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Nike told to 'stop doing it'

The brand renowned for the strapline 'just do it' have been told not to by Twitter in the first incidence of an advertisement campaign being banned on its site
 Nike's Twitter campaign has been banned by the ASA
 
 

Nike’s latest advertising campaign on Twitter has been halted by the Advertising Standards Authority (ASA), who have deemed the posts by famous footballers, Wayne Rooney and Jack Wilshere, as not being explicitly linked to the brand name.

The latest ‘Make it Count’ strapline has been promoted within tweets by the Manchester United and Arsenal English footballers over recent weeks, and they are well known affiliates of the popular sportswear retailer. However, it is the nature and ambiguity of the tweets which are said to have been misleading in the eyes of the ASA, and Nike has been warned about its future advertising techniques.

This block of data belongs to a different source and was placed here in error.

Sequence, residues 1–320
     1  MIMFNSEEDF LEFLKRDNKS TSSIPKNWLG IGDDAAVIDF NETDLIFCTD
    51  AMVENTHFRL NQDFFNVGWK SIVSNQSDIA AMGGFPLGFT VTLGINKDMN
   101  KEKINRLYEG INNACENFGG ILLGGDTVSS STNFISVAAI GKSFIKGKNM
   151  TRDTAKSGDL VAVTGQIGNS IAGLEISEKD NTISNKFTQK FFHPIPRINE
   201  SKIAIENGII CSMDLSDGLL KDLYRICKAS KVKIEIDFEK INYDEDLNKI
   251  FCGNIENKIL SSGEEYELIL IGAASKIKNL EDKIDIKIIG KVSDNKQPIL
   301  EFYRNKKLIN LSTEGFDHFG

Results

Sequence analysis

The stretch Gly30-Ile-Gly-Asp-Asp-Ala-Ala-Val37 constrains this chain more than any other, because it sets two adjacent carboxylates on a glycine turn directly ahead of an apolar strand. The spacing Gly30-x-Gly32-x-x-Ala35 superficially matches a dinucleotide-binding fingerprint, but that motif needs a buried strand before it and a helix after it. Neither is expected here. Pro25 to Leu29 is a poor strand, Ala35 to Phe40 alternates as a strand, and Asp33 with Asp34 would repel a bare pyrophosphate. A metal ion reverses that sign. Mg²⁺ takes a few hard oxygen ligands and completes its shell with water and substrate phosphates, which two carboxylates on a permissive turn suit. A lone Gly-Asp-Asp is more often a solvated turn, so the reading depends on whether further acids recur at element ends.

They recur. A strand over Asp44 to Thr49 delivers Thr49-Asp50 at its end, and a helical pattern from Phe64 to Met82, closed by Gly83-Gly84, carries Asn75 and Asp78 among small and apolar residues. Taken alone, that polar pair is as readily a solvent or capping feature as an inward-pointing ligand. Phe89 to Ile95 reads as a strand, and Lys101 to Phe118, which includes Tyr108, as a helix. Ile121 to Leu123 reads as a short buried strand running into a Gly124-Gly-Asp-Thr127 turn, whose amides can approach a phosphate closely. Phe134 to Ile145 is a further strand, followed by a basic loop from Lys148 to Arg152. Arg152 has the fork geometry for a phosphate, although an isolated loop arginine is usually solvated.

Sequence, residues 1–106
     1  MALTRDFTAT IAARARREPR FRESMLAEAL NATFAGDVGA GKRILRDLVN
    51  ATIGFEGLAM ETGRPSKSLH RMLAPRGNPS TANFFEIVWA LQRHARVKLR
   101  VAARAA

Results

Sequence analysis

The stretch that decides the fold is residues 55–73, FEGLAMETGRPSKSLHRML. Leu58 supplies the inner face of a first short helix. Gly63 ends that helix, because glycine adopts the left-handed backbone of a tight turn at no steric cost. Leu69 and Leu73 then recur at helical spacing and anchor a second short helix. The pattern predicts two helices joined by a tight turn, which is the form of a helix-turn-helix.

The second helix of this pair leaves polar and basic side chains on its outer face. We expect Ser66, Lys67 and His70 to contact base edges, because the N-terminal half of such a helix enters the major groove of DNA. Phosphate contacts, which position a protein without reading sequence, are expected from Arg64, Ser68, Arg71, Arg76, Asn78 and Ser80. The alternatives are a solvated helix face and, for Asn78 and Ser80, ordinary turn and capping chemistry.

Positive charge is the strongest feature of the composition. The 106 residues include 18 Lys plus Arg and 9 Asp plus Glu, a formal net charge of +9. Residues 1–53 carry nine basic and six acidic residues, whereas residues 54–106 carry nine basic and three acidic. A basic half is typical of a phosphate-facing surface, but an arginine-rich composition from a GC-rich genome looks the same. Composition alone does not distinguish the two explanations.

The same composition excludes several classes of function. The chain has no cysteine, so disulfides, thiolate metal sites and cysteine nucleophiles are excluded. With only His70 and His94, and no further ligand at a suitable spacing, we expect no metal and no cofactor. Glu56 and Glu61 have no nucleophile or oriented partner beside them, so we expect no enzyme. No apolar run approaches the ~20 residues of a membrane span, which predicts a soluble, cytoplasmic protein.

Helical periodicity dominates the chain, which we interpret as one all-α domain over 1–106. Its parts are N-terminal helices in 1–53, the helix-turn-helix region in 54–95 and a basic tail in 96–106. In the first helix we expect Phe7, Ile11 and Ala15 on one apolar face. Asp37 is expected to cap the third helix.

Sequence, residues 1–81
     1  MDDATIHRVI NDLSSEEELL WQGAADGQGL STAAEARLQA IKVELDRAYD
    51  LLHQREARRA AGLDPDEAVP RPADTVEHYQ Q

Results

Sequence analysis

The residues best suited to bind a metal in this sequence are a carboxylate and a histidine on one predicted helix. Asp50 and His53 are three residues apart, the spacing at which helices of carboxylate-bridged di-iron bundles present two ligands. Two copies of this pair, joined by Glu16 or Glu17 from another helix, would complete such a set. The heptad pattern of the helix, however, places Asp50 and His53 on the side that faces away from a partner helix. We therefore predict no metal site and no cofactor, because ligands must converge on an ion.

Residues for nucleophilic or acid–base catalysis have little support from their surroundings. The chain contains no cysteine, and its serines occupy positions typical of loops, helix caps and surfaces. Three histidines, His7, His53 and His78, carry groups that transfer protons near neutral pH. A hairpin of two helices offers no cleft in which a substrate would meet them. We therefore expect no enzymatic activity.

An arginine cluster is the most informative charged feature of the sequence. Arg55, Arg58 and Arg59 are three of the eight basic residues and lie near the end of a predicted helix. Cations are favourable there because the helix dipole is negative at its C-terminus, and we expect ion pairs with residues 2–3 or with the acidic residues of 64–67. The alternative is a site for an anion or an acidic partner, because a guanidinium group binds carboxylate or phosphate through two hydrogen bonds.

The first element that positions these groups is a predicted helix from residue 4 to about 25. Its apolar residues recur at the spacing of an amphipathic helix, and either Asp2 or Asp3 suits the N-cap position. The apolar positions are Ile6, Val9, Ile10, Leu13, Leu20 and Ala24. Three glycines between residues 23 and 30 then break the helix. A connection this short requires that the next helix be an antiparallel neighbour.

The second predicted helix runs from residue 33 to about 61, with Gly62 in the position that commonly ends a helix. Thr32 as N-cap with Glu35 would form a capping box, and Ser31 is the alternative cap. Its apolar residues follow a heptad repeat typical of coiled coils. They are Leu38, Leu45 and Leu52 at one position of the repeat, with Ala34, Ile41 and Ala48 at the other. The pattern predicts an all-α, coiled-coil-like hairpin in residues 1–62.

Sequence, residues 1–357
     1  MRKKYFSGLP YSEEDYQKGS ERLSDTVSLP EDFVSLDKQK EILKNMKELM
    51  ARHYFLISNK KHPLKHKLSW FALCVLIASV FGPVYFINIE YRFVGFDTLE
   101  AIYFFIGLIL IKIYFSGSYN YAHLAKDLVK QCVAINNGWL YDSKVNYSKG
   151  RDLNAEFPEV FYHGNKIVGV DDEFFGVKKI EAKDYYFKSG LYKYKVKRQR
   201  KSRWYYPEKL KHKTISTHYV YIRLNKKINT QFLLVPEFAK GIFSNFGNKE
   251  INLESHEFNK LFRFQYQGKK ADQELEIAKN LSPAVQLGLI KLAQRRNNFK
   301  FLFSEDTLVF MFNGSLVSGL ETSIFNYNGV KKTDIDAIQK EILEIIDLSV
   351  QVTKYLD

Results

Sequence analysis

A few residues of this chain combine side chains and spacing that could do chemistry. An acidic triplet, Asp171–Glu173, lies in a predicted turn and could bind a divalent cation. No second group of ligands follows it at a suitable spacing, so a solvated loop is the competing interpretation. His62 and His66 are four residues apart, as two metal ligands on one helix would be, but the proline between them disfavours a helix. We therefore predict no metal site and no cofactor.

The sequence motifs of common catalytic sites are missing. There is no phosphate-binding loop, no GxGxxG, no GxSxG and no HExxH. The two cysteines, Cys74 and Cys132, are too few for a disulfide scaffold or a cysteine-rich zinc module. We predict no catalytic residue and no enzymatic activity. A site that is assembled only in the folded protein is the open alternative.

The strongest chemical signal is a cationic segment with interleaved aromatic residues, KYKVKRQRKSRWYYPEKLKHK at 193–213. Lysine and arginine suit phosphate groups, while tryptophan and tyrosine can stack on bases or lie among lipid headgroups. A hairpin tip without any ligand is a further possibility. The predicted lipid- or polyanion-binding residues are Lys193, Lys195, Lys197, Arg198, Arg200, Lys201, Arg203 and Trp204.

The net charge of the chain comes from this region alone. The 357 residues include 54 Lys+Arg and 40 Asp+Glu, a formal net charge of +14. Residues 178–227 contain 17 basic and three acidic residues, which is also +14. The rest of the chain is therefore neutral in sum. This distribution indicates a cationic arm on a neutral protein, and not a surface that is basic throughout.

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Talismanic striker, Rooney, who has over four million followers on the social networking site, tweeted: “My resolution — to start the year as a champion, and finish it as a champion...#makeitcount gonike.me/makeitcount”.

Similarly, his English teammate Wilshere posted: “In 2012, I will come back for my club — and be ready for my country.#makeitcount.gonike.me/Makeitcount”

While both included Nike and ‘Make it Count’ within their hash-tags, it was still concluded by the ASA that these could easily be lost in a crowd of tweets among users.

They argued that within the sea of tweets that regular users peruse daily, the tags would not easily be processed by the wandering eye and that, therefore, they were breaking the laws of the code which dictates that advertising needs to be extrinsically linked back to the brand it is promoting.

This is the first advert that has been banned on Twitter by the ASA, and they have stated that by merely adding an ‘#ad’ hash-tag, the legitimacy of the tweets would have been improved.

This decision comes only a few months after Snickers survived a similar scare in relation to their use of Rio Ferdinand and Katie Price in advertising their chocolate bar.

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